The specs call for the red to be a perfect 255-0-0 fire-engine candy-apple red, baby, but I think the design works a little better if the red tends towards the maroon of the previous flag. Judging from photo evidence, everybody else does too.

Grade: B+


Parsons: Without comment, he gives it a "B", 70/100.

Michael5000: Best things about Germany's flag: it's a very distinctive combination of colors, if you ignore Belgium (which Germany has an unfortunate history of doing). And it certainly stands out against, well, anything, including a blue Central European sky:

The downside is that the colors are, frankly, a little hard on the eyes. They are a little too befitting of crude stereotypes of the German personality: the utilitarian colors of industrial diagrams and signage, or the excessively flamboyant tie of a man who is ho-ho-hoing much too hard at his own joke.

We love you, Germany! Thanks for saving Greece!

Grade: B


Parsons: With an accusation of "plagiarism," he assigns a "B", 70/100.

Michael5000: OK, Ghana was the first of the "newly independent" countries to escape European rule in the late 1950s. The new flag did indeed deliberately quote the colors of the Ethiopian flag, as I described last time. A lot of other countries in Africa would subsequently join Ethiopia and Ghana in choosing green, yellow, and red for their flags, reflecting an aspiration for a united continent that, however naive it seems in retrospect, was rather noble and idealistic in its time and place. Parsons is only kidding when he reduces this whole process to "plagiarism," but it still makes me kind of sad.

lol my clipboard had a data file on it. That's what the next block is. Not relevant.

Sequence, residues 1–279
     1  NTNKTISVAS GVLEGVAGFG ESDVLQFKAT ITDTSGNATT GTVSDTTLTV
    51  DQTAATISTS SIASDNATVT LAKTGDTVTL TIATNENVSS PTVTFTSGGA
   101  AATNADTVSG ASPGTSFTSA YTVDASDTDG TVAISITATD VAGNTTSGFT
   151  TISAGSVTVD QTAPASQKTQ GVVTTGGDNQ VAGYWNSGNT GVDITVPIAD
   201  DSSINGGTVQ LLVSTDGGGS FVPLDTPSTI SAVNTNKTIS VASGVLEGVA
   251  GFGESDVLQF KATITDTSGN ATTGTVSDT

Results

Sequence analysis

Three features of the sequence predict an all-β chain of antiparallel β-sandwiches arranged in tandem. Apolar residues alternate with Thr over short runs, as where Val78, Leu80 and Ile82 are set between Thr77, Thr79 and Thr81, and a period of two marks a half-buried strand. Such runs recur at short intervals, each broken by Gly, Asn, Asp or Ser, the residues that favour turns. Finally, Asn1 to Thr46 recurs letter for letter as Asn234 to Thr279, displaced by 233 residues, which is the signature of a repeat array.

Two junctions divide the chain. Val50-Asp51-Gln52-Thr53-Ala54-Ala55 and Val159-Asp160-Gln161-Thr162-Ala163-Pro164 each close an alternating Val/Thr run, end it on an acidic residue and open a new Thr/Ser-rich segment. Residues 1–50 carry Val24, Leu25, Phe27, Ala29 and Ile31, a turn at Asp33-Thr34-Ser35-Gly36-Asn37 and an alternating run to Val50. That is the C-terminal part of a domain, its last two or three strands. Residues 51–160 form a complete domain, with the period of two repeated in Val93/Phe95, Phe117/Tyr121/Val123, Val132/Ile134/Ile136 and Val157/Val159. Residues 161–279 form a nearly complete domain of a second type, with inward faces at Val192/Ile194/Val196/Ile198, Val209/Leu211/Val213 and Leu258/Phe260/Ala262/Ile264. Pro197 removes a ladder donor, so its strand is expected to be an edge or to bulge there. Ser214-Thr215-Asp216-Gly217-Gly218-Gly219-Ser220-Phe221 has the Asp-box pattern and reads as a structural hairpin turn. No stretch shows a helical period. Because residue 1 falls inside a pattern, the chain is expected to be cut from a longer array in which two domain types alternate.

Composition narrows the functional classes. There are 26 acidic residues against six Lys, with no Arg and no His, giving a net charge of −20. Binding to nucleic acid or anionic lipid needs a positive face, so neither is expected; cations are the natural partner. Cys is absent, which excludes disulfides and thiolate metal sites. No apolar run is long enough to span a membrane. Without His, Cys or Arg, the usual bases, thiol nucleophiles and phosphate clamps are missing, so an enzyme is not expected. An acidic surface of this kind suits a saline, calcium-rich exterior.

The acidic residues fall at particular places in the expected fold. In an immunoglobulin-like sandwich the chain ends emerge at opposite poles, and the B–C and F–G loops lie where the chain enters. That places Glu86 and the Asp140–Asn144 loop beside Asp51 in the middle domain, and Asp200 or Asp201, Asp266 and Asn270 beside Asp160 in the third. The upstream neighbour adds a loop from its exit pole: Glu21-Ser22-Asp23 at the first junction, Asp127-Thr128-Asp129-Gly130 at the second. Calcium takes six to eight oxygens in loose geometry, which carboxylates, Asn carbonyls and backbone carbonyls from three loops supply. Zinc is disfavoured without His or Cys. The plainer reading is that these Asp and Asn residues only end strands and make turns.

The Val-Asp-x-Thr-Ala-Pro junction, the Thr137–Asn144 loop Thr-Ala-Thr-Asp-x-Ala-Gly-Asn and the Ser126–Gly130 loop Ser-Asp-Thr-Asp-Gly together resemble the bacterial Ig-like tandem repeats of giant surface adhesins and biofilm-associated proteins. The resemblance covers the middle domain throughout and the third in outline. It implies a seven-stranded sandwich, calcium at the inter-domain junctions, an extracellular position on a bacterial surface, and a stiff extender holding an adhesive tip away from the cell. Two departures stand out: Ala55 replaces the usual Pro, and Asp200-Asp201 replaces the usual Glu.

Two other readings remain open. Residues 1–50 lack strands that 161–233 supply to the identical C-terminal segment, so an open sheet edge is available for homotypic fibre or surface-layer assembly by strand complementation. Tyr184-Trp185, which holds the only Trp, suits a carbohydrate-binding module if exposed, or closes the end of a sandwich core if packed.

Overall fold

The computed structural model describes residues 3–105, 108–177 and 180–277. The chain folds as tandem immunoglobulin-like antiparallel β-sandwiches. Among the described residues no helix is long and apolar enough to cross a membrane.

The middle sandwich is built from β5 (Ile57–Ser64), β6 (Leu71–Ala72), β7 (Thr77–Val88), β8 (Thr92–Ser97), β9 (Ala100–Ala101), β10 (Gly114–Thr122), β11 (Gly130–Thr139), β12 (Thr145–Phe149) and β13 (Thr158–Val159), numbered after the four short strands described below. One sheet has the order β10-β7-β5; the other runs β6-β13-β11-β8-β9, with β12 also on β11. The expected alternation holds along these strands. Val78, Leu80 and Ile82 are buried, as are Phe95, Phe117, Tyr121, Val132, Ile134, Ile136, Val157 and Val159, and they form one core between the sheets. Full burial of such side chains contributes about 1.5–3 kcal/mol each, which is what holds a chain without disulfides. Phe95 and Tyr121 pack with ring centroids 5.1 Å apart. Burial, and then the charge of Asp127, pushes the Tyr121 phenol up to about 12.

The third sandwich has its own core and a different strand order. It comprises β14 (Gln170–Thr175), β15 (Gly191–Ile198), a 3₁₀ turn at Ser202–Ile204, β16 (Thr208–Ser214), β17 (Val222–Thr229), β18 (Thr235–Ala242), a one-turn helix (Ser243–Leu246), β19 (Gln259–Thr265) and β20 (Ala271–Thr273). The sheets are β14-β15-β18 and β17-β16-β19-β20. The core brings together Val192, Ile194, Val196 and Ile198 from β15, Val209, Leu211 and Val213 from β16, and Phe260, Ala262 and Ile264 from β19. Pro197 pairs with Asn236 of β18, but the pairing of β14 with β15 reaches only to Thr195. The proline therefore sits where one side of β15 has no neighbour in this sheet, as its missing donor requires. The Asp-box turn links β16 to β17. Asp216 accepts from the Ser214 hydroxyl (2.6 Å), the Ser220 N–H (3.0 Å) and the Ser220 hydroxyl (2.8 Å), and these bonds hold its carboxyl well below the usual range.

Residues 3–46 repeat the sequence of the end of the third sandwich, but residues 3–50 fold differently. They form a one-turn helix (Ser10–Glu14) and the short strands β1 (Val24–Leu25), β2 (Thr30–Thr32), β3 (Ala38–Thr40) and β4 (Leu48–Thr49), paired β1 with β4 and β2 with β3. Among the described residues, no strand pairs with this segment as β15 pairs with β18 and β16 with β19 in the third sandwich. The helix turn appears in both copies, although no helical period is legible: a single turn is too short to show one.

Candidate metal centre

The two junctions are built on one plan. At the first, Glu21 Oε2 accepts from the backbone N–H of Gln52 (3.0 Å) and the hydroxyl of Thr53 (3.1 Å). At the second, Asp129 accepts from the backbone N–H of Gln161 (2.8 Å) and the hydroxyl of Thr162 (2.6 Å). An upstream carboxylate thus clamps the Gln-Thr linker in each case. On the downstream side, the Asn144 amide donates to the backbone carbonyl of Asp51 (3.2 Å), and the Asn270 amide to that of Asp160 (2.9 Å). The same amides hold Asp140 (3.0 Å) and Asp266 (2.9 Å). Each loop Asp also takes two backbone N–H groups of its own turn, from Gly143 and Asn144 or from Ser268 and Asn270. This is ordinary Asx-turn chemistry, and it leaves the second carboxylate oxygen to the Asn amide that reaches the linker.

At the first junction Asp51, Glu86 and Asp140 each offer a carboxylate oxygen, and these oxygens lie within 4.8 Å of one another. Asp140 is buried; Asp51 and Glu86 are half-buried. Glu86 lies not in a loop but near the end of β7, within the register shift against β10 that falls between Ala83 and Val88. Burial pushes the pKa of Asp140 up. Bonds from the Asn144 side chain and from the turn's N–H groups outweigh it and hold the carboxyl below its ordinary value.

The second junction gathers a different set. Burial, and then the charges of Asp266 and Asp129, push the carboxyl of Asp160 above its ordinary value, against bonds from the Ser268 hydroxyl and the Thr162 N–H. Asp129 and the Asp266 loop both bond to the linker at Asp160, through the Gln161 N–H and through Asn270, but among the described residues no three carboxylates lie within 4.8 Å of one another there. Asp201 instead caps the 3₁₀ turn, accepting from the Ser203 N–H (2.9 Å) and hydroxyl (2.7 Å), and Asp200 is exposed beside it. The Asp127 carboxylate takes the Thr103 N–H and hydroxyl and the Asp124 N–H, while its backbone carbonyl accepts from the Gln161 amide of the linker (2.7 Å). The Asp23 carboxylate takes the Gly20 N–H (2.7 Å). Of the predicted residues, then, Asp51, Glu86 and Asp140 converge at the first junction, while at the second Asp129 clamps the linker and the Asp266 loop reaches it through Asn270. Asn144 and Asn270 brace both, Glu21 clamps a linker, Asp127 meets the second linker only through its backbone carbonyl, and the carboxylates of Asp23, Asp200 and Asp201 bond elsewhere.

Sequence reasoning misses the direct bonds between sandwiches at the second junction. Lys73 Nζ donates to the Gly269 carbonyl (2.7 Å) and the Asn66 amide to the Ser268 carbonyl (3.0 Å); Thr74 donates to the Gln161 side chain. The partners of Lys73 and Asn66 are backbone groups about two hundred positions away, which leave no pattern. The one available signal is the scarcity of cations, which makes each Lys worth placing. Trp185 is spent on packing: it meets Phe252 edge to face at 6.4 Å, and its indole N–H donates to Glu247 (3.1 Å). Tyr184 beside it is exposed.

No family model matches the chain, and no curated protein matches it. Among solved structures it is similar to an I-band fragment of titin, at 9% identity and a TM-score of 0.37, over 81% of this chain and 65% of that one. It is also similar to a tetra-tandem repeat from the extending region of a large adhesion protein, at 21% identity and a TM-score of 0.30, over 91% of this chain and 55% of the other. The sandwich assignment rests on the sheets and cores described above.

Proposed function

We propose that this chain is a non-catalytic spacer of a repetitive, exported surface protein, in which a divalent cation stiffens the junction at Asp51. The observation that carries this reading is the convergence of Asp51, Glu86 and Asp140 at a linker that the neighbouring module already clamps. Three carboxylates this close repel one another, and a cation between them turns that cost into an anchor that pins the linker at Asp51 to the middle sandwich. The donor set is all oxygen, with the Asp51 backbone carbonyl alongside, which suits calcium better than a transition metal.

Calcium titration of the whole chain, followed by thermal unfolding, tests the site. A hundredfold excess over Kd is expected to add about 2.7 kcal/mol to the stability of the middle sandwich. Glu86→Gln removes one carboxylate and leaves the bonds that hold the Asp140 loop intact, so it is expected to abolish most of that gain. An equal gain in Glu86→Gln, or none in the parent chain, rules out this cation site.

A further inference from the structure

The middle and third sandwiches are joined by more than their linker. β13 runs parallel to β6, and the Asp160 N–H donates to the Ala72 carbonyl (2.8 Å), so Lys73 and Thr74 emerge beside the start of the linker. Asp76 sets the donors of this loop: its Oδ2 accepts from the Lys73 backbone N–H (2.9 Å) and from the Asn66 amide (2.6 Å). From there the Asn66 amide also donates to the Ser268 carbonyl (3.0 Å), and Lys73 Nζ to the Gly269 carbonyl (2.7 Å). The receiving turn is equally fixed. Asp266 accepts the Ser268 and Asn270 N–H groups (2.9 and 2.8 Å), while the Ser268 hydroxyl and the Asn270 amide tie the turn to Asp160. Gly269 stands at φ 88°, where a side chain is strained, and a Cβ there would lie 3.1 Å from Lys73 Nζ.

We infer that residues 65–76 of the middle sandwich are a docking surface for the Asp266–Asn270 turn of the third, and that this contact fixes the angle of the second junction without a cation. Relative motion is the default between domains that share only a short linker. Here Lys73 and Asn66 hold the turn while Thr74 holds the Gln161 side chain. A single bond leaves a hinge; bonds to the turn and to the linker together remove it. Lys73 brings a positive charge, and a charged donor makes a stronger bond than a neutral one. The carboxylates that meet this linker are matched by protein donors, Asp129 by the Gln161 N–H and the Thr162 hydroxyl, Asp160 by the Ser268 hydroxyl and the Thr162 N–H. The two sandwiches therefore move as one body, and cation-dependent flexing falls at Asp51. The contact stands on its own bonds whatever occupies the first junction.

The black star in Ghana's center stripe is thought to be an homage to the Black Star Line, a short-lived maritime company founded in the 1910s by the journalist, African-American community leader, and unintentional Rastafari prophet Marcus Garvey. Which is pretty far out.

Grade (for the current flag): B

Friday, September 10, 2010

9/11 Flag Waving

Following that terrorist attacks on New York City and Washington, DC, on September 11, 2001, there was a surge in patriotic displays of the flag of the United States.

Photo gallery in Salon this week:
Flags for 9/11: Photographs from the aftermath of 9/11.
By Bryce Hall

"These pictures were all taken in California during the year following Sept. 11, 2001. Some are ironic ("God Bless America" coffee mugs made in China); others are simple expressions of patriotism."

Friday, September 3, 2010

Flag Friday XIII

Flag Friday is a periodic discussion of the world's national flags; the project is explained and indexed here.

These discussions are about graphic design, and perhaps about nationalism and national symbolism in general. They should not be taken as critical of the countries, ideals, cultures, or people that the flags represent.


Parsons: Calling it "too busy", he gives it a "C", 55/100.